There are many new approaches in the MIGS category. These include the ability to thread a catheter in the space behind the trabecular meshwork (canaloplasty) and then pull the catheter through the meshwork and creating an opening in the trabecular meshwork (goniotomy). A similar goniotomy effect can be achieved with several new technologies – the Trabectome, the Kahook blade and the Trab360 device.

Image 2

Incisional Surgeries – Now and What’s on the Horizon

In some cases, treatment with eye drops, laser, cataract surgery and MIGS may not be enough to halt glaucoma damage. The next step is a trabeculectomy or a tube implant. These procedures create a pathway – essentially a hole – from inside the eye to a bleb (a fluid-filled bump) on the ocular surface. This can achieve profound pressure reduction but has a greater risk of infection, IOP being too low for clear vision, double vision and failure.

Finally, the newest device to achieve FDA approval is the Xen gel implant. This device is also implanted ab interno via a corneal incision. It is a newer and less invasive way to perform the trabeculectomy. The goal is to implant a gel-like Xen material in the subconjunctival space. The implant itself maintains a passageway between the anterior chamber and the subconjunctival space. The hope is that this will be safer than a traditional trabeculectomy but just as effective in lowering IOP.

The pace of innovation in glaucoma treatment is accelerating – both for topical therapy and for surgery. Most glaucoma surgeons still perform traditional glaucoma surgeries (trabeculectomies and tube implantations), but the acceptance of MIGS devices and technology is growing.

Our practice has been involved with some of the research that led to the development of the iStent and with the studies that led to the approval of the CyPass. We believe that MIGS is fundamentally changing the glaucoma treatment paradigm with surgical approaches becoming more common.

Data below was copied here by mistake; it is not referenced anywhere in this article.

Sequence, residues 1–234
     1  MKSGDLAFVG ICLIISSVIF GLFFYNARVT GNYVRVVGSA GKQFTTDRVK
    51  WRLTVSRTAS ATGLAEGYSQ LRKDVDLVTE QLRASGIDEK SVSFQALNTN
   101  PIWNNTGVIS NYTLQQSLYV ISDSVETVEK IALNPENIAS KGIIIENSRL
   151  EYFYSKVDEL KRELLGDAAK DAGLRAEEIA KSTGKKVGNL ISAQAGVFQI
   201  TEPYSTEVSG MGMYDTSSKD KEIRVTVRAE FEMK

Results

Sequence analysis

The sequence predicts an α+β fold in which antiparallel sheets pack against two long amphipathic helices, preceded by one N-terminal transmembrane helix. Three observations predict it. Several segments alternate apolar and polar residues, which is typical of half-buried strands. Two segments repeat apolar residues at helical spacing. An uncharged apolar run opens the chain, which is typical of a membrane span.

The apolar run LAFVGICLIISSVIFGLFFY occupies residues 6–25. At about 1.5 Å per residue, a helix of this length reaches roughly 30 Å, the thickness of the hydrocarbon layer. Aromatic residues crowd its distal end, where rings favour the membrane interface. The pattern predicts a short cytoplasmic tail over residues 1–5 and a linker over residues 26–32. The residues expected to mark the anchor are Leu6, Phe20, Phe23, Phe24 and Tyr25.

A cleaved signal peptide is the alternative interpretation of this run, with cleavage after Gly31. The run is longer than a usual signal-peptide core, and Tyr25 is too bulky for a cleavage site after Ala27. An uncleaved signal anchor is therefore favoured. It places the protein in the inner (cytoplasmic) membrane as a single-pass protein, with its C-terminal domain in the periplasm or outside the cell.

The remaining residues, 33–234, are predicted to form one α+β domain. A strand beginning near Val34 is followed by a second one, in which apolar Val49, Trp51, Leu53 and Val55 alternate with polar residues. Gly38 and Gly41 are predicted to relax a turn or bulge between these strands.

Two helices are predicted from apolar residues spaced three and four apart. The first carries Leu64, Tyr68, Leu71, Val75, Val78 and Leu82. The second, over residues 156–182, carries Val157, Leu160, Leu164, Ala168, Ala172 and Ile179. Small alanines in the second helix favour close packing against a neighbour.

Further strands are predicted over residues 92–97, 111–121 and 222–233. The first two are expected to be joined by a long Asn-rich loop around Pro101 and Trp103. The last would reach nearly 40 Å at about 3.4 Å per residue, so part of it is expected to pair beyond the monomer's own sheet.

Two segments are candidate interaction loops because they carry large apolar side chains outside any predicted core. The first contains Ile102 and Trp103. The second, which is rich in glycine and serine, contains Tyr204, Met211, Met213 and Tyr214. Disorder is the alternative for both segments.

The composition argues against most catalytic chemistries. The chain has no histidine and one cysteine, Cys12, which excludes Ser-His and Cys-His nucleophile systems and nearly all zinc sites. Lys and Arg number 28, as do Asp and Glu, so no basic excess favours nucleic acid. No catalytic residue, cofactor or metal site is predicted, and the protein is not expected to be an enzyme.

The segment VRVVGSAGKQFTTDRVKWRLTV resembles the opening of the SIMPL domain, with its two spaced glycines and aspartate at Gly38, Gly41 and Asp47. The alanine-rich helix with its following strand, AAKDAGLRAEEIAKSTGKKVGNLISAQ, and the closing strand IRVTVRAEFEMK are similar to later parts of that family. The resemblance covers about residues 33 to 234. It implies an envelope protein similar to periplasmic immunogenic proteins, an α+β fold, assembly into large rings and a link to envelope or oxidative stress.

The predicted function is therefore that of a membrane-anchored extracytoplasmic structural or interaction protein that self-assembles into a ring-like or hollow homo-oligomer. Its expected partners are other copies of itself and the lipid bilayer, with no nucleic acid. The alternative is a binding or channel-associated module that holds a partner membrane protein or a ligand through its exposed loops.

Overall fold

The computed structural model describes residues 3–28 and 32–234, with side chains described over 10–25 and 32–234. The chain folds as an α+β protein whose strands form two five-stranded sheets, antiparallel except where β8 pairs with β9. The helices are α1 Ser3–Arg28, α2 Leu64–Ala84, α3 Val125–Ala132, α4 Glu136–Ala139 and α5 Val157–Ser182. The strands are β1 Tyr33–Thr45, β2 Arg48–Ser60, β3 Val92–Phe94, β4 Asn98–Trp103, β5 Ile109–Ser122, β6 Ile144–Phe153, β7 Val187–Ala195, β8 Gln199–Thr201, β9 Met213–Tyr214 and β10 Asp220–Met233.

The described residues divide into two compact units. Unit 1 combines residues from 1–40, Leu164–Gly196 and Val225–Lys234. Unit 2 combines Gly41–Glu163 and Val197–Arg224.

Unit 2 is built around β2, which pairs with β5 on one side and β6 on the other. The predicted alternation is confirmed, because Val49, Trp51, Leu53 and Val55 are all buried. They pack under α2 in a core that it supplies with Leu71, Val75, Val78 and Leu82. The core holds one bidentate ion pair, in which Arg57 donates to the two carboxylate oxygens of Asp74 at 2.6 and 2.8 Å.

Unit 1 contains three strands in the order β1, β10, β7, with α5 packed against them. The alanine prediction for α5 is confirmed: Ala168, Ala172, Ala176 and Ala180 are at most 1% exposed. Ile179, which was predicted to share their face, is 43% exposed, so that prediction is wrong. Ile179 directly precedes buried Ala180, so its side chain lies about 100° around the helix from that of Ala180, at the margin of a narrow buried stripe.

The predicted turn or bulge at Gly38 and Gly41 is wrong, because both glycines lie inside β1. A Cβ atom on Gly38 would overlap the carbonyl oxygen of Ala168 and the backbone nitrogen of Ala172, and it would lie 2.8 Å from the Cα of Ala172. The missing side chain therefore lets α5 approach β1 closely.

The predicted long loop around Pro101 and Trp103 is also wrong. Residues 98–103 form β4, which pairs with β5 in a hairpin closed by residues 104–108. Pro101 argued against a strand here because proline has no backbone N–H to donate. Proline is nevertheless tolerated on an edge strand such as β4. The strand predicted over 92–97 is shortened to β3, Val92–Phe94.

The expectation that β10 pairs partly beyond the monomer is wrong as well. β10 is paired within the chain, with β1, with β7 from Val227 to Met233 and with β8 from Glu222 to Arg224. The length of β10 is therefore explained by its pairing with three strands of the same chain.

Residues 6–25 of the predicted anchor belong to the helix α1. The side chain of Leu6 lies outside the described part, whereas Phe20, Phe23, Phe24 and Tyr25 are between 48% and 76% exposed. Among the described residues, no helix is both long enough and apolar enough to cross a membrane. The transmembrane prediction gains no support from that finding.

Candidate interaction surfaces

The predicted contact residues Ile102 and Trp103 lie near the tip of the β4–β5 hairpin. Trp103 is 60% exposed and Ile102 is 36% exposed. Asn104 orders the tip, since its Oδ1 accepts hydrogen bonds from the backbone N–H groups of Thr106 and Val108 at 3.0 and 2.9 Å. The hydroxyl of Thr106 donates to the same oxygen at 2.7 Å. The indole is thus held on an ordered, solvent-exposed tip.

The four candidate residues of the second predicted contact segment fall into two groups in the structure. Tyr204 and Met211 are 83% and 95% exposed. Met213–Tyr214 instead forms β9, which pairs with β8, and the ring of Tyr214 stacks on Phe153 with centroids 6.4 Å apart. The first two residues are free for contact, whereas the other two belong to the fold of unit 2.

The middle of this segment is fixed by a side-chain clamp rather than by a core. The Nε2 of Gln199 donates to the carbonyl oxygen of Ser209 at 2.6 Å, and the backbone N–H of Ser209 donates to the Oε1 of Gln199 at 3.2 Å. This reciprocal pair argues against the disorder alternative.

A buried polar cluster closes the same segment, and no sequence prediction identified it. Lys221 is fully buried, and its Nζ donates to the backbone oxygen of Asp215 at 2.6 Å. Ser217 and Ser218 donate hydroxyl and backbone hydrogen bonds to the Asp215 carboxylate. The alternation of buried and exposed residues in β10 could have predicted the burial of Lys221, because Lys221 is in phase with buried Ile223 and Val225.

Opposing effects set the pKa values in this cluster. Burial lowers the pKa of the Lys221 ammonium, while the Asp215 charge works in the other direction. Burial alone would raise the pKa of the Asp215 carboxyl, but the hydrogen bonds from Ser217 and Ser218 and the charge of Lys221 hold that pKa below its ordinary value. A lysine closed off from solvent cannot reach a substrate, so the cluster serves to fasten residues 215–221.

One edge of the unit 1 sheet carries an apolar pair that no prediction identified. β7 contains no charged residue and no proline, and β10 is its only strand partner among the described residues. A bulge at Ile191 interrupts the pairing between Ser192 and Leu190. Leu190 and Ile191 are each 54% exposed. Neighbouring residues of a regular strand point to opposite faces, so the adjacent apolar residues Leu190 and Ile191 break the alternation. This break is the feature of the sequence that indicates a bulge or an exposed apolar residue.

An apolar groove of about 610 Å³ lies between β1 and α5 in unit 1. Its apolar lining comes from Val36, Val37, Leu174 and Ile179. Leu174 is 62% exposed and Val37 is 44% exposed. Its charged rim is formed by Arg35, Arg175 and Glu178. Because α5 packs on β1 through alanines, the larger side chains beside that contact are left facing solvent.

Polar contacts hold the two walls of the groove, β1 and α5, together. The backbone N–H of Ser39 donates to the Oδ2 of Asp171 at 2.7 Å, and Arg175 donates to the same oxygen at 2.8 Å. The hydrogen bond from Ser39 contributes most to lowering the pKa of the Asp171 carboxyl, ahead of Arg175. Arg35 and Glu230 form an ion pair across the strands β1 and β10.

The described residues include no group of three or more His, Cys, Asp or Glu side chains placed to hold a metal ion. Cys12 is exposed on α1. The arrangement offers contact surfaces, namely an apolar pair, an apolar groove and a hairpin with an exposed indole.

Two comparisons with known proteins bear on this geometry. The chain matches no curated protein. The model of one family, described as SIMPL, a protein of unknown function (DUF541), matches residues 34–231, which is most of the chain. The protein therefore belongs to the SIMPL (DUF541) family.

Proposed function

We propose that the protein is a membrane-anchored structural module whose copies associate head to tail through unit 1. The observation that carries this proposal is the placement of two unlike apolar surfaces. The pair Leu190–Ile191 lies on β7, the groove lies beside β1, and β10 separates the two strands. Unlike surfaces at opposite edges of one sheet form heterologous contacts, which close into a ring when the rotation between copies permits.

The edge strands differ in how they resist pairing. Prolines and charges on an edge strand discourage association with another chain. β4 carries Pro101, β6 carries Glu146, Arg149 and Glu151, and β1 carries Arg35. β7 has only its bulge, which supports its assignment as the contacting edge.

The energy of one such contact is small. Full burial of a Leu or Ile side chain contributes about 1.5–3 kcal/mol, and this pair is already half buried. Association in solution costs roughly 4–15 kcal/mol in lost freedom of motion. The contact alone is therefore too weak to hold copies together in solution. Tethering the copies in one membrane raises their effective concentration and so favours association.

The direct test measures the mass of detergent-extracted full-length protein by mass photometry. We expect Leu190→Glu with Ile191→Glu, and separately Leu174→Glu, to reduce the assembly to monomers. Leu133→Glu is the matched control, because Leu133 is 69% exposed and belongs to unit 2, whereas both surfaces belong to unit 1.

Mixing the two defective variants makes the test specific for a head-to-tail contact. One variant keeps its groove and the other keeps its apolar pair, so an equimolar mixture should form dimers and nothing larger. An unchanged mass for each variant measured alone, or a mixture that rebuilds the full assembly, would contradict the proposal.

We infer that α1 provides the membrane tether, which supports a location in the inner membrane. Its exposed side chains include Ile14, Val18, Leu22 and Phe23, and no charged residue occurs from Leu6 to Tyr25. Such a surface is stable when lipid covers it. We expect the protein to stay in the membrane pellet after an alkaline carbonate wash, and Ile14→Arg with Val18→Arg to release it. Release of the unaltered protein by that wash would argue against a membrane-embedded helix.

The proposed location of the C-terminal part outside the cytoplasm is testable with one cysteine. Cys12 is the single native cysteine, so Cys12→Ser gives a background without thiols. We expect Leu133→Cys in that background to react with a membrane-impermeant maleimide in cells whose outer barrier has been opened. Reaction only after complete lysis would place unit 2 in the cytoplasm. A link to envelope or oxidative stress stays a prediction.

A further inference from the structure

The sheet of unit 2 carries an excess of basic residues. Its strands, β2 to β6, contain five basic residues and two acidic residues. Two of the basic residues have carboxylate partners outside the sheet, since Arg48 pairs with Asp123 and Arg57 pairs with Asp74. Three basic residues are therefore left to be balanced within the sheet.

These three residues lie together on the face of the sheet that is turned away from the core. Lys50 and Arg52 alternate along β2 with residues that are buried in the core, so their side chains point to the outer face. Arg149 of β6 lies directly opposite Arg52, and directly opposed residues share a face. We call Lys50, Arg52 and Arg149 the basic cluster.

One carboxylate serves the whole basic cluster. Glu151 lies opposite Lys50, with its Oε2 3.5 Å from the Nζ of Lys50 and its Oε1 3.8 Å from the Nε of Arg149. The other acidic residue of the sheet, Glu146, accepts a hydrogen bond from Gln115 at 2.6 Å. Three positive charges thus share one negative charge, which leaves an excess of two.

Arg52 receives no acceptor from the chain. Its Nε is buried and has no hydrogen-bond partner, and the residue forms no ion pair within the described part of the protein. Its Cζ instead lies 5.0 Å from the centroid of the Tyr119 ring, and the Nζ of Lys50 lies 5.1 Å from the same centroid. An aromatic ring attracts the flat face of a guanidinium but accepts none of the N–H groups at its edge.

But these innovations are just the beginning. We have never had so many outstanding options for treating glaucoma and tailoring the approach to each patient. No one should ever become blind from glaucoma.


Radcliffe NM, Lynch MG, Brown RH. Ab interno stenting procedures. J Cataract Refract Surg 2014;40:1273–1280.

Brown RH, Zhong L, Lynch, MG. Lens-based glaucoma surgery: Using cataract surgery to reduce intraocular pressure. J Cataract Refract Surg 2014;40:1255–1262.

Brown RH, Zhong L, Lynch MG. Clear lens extraction as treatment for uncontrolled primary angle-closure glaucoma. J Cataract Refract Surg 2014;40:840–841.

Brown RH, Zhong L, Whitman AL, Lynch MG, Kilgo PD, Hovis KL. Reduced intraocular pressure after cataract surgery in patients with narrow angles and chronic angle-closure glaucoma. J Cataract Refract Surg, 2014; 40:1610-1614

Brown RH, Gibson Z, Zhong L, Lynch MG. Intraocular pressure reduction after cataract surgery with implantation of a trabecular microbypass device. J Cataract Refract Surg, 2015 41: 318-319

Vold S, Ahmed IK, Craven R, Mattox C, Stamper R, Packer M, Brown RH, Ianchulev T. For the CyPass Study Group, Minimally invasive surgical treatment for glaucoma: 2-year pivotal RCT results of supraciliary microstenting. Ophthalmology 2016; 1-10.